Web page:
Contents

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pp. v-v

Acknowledgments

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pp. vii-viii

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Introduction

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pp. 1-15

...popular novelist, wrote, “I am a German, and I am a Jew, one as intensely and as completely as the other, inextricably bound together.”1 In the years preceding Hitler’s rise to power, such open embracing by a German Jew of his dual identity was far from the controversy it would soon become.2 At the time Wassermann’s declaration appeared—toward the beginning of the Weimar Repub-...

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1. Why the League?

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pp. 16-36

...studied at the University of Halle with Arnold Schering and followed him to Berlin when he succeeded Hermann Abert at the Berlin University (now Humboldt-Universit

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2. What Is Jewish Music? The League and the Dilemmas of Musical Identity

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pp. 37-59

...background, thought she would be a natural fit for the newly formed Jewish Culture League. She became an opera singer with the organization in 1937 and occasionally appeared with Anneliese Landau. However, earlier, she had approached one of the League’s leading men and explained that she wanted to sing Yiddish and Hebrew songs. She remembers his response: “No one is inter-...

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3. Performing a "Jewish Repertoire": Weill, Schoenberg, and Bloch

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pp. 60-86

For a fresh start, Singer went so far in this publication as to solicit advice directly on the upcoming program. This experiment in public diplomacy was unique and, after a limited response (only thirty replies), abandoned.2 The repertoire debate would continue, as would other challenges to program formation: the League’s economic need as well as simple errors and inconsistencies...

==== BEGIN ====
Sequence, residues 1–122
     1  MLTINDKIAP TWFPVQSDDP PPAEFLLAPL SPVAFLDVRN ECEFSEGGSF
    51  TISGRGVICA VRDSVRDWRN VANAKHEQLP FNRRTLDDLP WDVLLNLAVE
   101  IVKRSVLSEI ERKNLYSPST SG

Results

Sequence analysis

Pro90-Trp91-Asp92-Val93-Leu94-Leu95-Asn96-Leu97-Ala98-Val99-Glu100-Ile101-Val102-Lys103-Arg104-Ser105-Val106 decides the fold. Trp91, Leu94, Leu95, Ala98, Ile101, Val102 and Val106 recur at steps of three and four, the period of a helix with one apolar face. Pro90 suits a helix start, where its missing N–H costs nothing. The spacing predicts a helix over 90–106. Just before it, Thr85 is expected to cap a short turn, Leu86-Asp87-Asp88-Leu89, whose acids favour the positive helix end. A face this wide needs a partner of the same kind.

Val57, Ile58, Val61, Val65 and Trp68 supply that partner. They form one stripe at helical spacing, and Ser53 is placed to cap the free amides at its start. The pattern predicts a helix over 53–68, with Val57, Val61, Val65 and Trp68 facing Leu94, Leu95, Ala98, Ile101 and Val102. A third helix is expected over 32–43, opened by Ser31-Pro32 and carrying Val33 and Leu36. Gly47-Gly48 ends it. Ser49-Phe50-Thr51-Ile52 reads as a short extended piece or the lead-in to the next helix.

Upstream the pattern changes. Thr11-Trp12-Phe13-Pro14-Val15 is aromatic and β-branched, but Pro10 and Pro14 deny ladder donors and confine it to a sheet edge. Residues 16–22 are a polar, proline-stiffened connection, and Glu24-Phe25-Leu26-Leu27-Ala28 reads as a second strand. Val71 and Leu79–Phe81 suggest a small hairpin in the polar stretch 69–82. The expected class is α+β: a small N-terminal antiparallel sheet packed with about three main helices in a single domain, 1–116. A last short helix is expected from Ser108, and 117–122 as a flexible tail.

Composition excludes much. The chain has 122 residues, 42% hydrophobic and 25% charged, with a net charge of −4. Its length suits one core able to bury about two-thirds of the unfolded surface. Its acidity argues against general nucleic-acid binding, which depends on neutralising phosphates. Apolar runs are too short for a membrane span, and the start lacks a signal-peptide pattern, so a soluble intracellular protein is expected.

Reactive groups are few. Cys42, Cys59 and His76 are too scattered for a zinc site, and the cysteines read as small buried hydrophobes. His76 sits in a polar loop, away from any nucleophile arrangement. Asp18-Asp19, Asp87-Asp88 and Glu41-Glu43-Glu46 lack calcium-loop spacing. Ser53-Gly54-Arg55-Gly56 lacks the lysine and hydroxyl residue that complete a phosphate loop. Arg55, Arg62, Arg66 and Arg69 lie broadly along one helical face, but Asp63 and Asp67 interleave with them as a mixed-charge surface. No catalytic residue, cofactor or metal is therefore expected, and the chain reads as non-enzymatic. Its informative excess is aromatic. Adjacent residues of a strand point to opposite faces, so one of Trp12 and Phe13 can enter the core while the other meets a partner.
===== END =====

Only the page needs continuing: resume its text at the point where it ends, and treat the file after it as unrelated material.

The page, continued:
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4. "German Music," Lieder, and the Austrian Franz Schubert

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pp. 87-106

...on Jewish music, both in theory and practice. But, in some ways, the performance of music by German composers was more complicated. The search for Jewish music gave audiences a framework for their interpretation of music by Jewish composers. Music by German composers, on the other hand, was wide open and interpreted in a variety of ways. Determined to keep the League out...

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5. Handel, Verdi, and National Pride

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pp. 107-130

Growing up in Nazi Germany, Martin O. Stern experienced the flexibility of Handel in reception. For him, Handel’s music was entangled with Judaism, but also, after this visit to Sunday services, the Lutheran Church. Nazi ideologues, however, could not tolerate this overlap. Handel was going to have to pick a side. Music was no longer a universal language, if it ever was one, but rather an aid in the struggle of race against race, nation against nation...

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6. Beyond Ethnic Loyalties

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pp. 131-147

...imagining nation, group integration, asserting national worth, consolation, catharsis, escape, and hope, to name a few. With such flexibility, it is no surprise that there were contradictions in ideas of nationalism in music during the Third Reich. The various roles of music created competing narratives in music reception. Not only that, these narratives could change rather quickly over...

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Epilogue: The Legacy of the League

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pp. 148-158

...and cofounder of the Jewish Culture League, was visiting his sister and lecturing at Harvard University.1 Ernest Lenart, the Tempelherr in the League’s inaugural performance (1933) of Lessing’s Nathan the Wise and émigré since 1938, visited Singer during his trip. Lenart told him about Kristallnacht and urged him to remain in America. Singer replied: “Dear Lenart, I must go back.”2...

Notes

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pp. 159-213

Sources Consulted

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pp. 215-239

Index

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pp. 241-258